Sandrine wrote:Just a very short answer (I'm at work): West Germany, south and than north. why?
Sorry, everyone here has their own pet theory of what led to the increased incidence of MS in modern society and I'm one who believes in the hygiene hypothesis.
Additionally, it seems the evidence shows that the first generations meeting MS succeptibility criteria experience more agressive and optically oriented MS, hence the recent perception (mis-conception) that blacks/asians/american indians are genetically predisposed to more virulent versions of MS.
In fact, I'm convinced that I read earlier articles telling that in the early 20th century MS was more often optically oriented and aggressive in American whites, although Dr Kurtzke tells me he doesn't remember that being the case.
To get to the point, with the elimination of the Berlin wall recently it's hopeful that the East German population has begun to experience similar wealth to the rest of Germany, but according to the hygiene hypothesis, at some point in the near future we're going to see a drastic rise in allergies, asthma and autoimmune diseases also in that population...in essence the "MS map of geographic incidence" will add another degree of fuzziness in adding East Germany to the areas of higher incidence http://www.pbs.org/wgbh/evolution/libra ... 04_07.html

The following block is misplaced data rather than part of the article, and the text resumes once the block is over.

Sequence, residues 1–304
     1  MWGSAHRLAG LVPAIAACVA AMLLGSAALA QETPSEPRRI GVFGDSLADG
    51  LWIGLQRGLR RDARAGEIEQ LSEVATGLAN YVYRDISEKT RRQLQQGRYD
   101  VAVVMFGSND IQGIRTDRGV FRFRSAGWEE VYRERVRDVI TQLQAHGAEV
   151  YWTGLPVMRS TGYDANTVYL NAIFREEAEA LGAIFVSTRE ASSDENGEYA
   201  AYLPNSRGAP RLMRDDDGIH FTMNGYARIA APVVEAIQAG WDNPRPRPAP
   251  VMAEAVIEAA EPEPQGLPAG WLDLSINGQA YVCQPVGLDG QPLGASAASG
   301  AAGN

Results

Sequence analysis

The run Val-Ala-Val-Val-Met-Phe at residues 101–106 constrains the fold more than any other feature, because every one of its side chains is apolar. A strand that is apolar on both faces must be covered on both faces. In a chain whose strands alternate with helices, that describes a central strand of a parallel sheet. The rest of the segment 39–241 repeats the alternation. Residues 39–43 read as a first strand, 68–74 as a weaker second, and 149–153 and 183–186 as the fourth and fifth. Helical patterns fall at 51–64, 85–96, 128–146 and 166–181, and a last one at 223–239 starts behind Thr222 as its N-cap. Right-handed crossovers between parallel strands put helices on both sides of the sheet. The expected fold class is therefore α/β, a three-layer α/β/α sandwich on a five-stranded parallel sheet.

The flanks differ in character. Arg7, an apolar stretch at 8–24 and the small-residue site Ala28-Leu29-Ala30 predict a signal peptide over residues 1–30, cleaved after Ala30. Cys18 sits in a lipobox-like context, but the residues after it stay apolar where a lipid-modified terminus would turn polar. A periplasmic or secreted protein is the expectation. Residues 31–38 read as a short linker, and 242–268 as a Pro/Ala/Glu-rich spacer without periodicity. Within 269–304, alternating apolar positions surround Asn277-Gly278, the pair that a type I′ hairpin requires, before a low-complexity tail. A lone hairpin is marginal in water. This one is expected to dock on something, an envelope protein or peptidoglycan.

You might wonder what an article about allergy and asthma incidence has to do with MS but by leaps and bounds it's proving out that allergies/asthma/autoimmune diseases/autisms and some cancers drastically increased incidence at the same times/places/conditions and that they continue to be unheard of or rare in vast areas of the world today.
What we all need to be wondering is "why do I need to be saddled with MS when vast areas of the world don't experience it?" and "why don't vast areas of the world experience MS so that we in the "developed populations" can adapt that aspect?"